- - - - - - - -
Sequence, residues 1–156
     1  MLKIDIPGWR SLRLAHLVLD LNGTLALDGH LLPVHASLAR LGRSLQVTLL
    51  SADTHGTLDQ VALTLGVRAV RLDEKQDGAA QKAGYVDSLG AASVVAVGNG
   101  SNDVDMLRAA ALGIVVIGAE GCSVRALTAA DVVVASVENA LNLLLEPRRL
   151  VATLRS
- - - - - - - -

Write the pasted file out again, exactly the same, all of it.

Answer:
Sequence, residues 1–156
     1  MLKIDIPGWR SLRLAHLVLD LNGTLALDGH LLPVHASLAR LGRSLQVTLL
    51  SADTHGTLDQ VALTLGVRAV RLDEKQDGAA QKAGYVDSLG AASVVAVGNG
   101  SNDVDMLRAA ALGIVVIGAE GCSVRALTAA DVVVASVENA LNLLLEPRRL
   151  VATLRS